Senate Chaos Returns: Six Hours After Major GOP Victory, "Repeal And Replace" Is Voted Down

If this is what passes for a legislative victory in the Trump administration, the president may be in trouble.

Less than a day after the Senate GOP leadership mustered the minimum number of Republican votes necessary to begin debate on a bill to repeal Obamacare (and even then thanks only to a tiebreaking vote by Vice President Mike Pence), the Republican campaign to kill the legislation remains in chaos.

Just six hours after the successful vote to proceed, the Senate overwhelmingly rejected a plan to repeal and replace Obamacare, voting 43-57 against with 9 Republicans joining Democrats in the process. That plan requires 60 votes to pass because of its impact on the budget deficit, and without support from Democrats, that bill has a 0% chance of survival. The failed vote has dashed Republican hopes of replacing Obamacare with another plan.

Although Trump celebrated the motion to proceed at a rally in Youngstown, where he proclaimed that the US is now "one step closer to liberating our citizens from this Obamacare nightmare", the president’s hopeful remarks ignore that Senate Republicans are still in chaos, especially after John McCain's fiesty speech in the Senate on Tuesday. As Reuters and a handful of other media outlets have reported, despite the success of the vote, the Senate GOP doesn't have enough support to pass any of its plans to repeal, or repeal and replace, Obamacare, as many moderates remain wary of cuts to Medicaid in the GOP plan that could curtail coverage for millions of poor Americans, as Reuters explains.

“The outcome was a huge relief for President Donald Trump, who had pushed his fellow Republicans hard in recent days to live up to the party's campaign promises to repeal the 2010 Affordable Care Act, commonly known as Obamacare. Minutes after the vote, Trump called it "a big step."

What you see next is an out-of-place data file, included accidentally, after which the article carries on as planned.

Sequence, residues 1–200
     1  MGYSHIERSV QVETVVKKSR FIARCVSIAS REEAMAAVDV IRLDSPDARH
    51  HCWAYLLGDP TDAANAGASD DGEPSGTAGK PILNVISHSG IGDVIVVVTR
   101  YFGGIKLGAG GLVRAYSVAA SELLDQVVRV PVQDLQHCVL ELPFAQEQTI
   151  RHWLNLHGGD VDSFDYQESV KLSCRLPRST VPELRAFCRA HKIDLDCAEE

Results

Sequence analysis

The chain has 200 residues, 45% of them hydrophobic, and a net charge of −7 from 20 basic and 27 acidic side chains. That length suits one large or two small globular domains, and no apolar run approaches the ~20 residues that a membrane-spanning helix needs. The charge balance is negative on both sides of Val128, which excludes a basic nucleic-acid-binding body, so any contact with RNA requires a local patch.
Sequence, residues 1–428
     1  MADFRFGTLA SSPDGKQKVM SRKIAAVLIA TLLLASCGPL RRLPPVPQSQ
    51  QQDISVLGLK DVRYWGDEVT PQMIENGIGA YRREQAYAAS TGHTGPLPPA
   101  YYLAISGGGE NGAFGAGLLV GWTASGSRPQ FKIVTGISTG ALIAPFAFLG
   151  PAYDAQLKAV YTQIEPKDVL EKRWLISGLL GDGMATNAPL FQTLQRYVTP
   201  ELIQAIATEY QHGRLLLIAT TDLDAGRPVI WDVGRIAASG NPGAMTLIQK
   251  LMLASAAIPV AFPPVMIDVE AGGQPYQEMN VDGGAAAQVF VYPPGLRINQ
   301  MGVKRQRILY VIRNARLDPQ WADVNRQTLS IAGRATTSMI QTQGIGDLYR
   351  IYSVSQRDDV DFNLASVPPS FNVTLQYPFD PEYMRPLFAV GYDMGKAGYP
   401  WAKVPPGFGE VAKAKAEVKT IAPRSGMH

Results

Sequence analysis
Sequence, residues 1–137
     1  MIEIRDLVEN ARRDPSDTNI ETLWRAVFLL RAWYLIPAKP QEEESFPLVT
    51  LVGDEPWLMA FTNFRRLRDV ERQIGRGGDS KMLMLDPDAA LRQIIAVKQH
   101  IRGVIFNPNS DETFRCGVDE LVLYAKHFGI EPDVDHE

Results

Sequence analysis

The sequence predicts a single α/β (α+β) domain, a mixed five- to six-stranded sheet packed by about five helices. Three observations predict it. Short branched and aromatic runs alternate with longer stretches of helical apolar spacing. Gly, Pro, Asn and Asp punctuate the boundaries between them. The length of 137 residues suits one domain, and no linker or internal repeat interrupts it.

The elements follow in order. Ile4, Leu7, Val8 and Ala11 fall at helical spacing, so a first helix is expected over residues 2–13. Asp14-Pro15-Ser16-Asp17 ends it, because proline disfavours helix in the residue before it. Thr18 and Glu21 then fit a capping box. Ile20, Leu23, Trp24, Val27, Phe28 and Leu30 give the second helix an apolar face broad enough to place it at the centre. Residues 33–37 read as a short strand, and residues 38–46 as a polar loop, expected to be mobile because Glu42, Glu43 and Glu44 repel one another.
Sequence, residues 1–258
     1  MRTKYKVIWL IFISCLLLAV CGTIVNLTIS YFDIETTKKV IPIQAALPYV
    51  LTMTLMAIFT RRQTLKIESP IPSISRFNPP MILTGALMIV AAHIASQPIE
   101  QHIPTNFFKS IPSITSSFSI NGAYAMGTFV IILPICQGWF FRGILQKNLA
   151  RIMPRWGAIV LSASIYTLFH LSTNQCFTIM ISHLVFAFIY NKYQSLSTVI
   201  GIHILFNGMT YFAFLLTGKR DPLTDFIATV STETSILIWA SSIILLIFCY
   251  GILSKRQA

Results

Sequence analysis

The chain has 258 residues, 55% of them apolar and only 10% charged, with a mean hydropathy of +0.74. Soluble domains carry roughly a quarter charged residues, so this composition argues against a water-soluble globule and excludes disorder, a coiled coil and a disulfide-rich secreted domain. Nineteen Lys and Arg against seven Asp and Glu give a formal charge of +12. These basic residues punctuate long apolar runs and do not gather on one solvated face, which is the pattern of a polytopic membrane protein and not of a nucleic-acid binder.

But the narrow victory on a simple procedural matter raised questions about whether Republicans can muster the votes necessary to pass any of the various approaches to repeal.


Moderates are worried repeal will cost millions of low-income Americans their insurance and conservatives are angry the proposed bills do not go far enough to gut Obamacare, which they consider government overreach.”

Conservatives continue to oppose the GOP Obamacare alternative, despite the leadership’s attempt to woo them by adding an amendment that would allow insurers to offer lower-cost plans.

“Nine Republicans, ranging from moderates such as Susan Collins of Maine to conservatives such as Rand Paul of Kentucky, voted against the bill, which would have made deep cuts to Medicaid, the health insurance program for the poor, and reduced Obamacare subsidies to lower-income people to help them defray the cost of health insurance."

Regardless of which Republican plan makes it out of the Senate - and it's likely none of them will, at least not any time soon - the Senate and House would then need to draft a compromise bill, which would require another round of votes in each chamber. As we explained yesterday, the only Republican option that has some hope of passing is the leadership’s “skinny” repeal plan, which hasn’t been brought to vote yet.

If passed, the bill would eliminate only the most controversial elements of Obamacare: the individual and employer mandates, and the medical device tax. We’ll likely know more about the skinny budget soon, as Republicans are expected to hold many more votes in the coming days.